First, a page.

THE RECORD DEAL – 5 ESSENTIAL CLAUSES

The record deal is one of the most symbolic contracts of the music industry.

Perhaps because it encapsulates a turning point in Music History (the Album era), or perhaps because it is a milestone in an musicians’ career… [or perhaps I am alone in giving poetic meanings to legal documents].

The record deal is known by many names… the recording contract… the production contract…the artist contract… the sound recording agreement… but generally refers to the same thing:

The maker (often the record company) retains the exclusive services of the artist for the purpose of recording one or more albums, which the maker owns and exploits in exchange of paying royalties to the artist.

Here are five essential clauses in a RECORD DEAL:

1. Exclusive services 

A record deal will generally stipulate that the artist will provide their performing services exclusively to the record company for the duration of the contract. Indeed, few record labels will agree to invest money in an artist’s career only to have them record with a competitor…

That said, it is important to ensure that the contract does not prevent you from being an accompanying musician to other artists.

:: Can the contract be limited to the featured artist’s exclusive services? In the case of a band, can the contract be limited to performances played by any combination of three to five of the members? Can the contract be limited to performances played under the band’s name? What happens if the record company sells its business or assets to a third party – will the artist be tied to the new owner for future albums?  ::

2. Term

Generally, the duration of a record deal is calculated in terms of number of albums or recordings. The artist guarantees their services for 1 album; for 1 album and 2 options; for 4 options [not recommended], etc.

As the master recordings belong to the record company, they can exploit the recordings forever. For the artist, the important thing will thus be to limit the length of time for which they are tied to the record company. By reducing the number of album options, they will be able to approach another record if their experience has not been conclusive.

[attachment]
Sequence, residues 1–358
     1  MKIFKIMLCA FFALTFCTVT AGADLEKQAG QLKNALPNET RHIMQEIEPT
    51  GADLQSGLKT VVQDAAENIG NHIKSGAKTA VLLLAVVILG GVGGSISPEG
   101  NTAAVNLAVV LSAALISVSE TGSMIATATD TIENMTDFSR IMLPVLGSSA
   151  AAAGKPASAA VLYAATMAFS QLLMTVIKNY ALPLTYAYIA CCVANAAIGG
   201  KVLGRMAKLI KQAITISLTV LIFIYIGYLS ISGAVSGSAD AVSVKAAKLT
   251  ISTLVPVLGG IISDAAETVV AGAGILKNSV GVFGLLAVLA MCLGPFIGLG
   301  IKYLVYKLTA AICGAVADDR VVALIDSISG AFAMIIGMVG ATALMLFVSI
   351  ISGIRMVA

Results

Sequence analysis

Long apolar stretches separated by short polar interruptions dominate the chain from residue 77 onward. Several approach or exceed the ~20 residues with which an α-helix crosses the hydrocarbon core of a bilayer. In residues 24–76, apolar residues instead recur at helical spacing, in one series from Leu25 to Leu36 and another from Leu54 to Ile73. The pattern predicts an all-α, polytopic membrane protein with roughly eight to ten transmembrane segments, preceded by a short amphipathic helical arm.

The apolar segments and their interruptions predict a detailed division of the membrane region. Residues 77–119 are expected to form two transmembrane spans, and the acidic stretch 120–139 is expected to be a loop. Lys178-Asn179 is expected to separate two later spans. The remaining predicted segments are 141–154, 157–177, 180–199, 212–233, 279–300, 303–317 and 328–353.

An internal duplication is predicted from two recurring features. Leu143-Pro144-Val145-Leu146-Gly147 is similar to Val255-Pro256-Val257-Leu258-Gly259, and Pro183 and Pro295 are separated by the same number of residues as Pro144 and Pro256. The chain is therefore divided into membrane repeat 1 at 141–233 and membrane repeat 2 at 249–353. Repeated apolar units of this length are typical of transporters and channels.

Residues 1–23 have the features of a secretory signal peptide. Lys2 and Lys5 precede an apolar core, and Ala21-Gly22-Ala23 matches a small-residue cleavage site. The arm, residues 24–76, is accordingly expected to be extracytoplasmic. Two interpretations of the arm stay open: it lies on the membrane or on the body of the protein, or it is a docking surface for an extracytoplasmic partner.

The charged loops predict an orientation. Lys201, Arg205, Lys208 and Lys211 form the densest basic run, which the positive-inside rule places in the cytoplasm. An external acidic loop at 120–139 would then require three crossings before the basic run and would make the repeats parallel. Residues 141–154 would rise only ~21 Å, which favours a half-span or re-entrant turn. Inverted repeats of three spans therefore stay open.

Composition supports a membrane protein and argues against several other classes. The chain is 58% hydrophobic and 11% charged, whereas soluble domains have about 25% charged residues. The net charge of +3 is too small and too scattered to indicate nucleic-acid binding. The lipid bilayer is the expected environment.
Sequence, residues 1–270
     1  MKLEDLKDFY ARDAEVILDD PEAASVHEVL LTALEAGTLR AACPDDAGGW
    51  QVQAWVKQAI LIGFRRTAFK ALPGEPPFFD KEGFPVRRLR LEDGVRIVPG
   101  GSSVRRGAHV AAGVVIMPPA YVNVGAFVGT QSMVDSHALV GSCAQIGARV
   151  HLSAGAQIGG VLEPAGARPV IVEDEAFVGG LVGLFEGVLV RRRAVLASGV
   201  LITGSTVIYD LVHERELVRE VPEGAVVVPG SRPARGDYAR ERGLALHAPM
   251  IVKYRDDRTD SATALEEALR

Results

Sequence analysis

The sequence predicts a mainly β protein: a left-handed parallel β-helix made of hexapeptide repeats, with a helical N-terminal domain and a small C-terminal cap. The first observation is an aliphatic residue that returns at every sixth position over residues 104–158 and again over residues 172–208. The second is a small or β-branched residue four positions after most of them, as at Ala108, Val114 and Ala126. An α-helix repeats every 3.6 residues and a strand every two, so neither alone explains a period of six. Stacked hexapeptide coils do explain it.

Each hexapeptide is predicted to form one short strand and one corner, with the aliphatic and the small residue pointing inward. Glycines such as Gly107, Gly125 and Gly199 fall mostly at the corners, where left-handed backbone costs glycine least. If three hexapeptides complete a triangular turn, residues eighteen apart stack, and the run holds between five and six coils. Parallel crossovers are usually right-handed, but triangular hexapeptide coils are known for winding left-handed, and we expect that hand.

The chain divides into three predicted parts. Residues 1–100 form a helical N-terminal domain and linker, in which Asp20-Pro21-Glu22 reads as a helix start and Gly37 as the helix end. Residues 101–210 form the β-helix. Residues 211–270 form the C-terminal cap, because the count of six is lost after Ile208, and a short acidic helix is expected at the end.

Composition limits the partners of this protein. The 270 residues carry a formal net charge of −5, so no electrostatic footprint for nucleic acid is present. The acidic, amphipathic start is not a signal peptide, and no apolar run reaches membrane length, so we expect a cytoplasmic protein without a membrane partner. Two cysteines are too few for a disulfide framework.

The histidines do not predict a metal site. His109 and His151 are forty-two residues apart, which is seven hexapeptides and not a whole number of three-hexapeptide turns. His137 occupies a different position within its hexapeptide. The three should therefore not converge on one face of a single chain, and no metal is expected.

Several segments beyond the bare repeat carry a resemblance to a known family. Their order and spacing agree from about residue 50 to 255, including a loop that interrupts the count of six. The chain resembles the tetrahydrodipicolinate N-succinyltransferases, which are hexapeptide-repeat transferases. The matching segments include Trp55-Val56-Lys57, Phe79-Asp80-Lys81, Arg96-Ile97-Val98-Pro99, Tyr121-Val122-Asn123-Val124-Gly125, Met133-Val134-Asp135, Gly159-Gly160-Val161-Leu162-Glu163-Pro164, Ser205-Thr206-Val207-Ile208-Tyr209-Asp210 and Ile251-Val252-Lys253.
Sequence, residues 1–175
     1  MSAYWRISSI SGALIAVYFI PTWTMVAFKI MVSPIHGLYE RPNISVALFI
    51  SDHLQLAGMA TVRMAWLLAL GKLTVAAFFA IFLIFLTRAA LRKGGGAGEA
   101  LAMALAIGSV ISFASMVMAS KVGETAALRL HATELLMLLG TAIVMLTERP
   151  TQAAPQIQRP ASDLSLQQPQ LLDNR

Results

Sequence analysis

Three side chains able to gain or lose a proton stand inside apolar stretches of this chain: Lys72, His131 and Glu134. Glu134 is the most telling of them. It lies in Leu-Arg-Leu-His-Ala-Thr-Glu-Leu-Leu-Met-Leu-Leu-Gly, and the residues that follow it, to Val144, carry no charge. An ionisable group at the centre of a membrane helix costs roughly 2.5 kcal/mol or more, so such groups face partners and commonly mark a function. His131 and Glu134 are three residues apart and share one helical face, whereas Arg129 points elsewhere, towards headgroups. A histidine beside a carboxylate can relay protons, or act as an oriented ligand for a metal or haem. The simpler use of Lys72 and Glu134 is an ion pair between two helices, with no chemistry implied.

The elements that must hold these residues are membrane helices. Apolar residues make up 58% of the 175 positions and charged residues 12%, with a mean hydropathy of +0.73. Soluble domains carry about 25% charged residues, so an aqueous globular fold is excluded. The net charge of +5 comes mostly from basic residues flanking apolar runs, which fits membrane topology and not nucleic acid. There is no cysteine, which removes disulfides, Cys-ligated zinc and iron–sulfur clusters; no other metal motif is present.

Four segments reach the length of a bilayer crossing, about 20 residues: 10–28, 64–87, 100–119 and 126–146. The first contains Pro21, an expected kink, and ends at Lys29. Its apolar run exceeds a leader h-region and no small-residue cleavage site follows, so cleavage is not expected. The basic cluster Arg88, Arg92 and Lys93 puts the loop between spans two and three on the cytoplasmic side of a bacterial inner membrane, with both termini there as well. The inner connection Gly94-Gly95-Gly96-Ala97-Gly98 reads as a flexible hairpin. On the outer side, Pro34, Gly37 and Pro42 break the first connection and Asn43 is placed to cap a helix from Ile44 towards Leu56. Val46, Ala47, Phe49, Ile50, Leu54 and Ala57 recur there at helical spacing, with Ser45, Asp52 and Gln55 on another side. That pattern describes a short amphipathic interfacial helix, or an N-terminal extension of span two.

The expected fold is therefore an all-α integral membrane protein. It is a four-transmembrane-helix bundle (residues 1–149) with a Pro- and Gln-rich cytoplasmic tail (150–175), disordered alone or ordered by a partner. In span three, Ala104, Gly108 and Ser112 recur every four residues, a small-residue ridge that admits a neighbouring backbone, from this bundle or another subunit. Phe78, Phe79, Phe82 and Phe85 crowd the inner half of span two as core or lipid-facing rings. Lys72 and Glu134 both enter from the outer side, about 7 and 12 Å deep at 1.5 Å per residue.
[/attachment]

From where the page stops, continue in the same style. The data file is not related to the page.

It is also important for artists to ensure that the refusal (or omission) of the record company to exercise an option will cancel subsequent options, if any.

3. Budget

Although record companies rarely offer it firsthand, artists should always try to obtain a guarantee: how much will they invest on the album(s)? If their only response is “it depends on grants” or “we have $500 to start with”, seriously ask yourself how badly you need a record need.

4. Royalties

In my experience, there are two main schools of thought on how to compensate artists:

  • Some record labels prefer to pay a percentage from each album sold after recovery of production costs. For reference purposes only, this, in Quebec, is generally between 10% and 16% of the wholesale price;
  • Others prefer to share net revenues of exploiting the albums after recovery of production and marketing costs. 50/50, for example.

It is essential you obtain the advice of someone experienced in reading and negotiating such clauses. Many subtleties can be found in how they are written.  At the very minimum, if you find the word “recoupment” (reimbursement of expenses) in your contract, look for (or ask for) a clause in which budget expenses must be overseen by the artist respected by the record label… otherwise, your royalties may never see the light of day!

5. Sources of revenue

The concept of the 360 deal has long been the subject of much debate; loved by some, criticized by others. For a record label, it is a way to reduce final risks in making an album… simply, to prosper.

Before signing a 360 deal, the most important question to ask yourself is this: what can this record company do for me? It is offering to cover the publishing, management and show production, in addition to making a record, but can it really do all that? Is it a publisher; a show producer? Does it have staff with experience in these areas? Could others do it better? Just by thinking it over, you might have answered the question.

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From your accountant-turned-maker to Universal Music, record makers and record deals, come in many shapes and sizes. As this contract will greatly influence the trajectory of your career, you should always seek the services of a lawyer to review and negotiate your rights.

Come by the office, coffee is on me.

:: Translated by Emily Alberton / Photo credit: Nick Hillier

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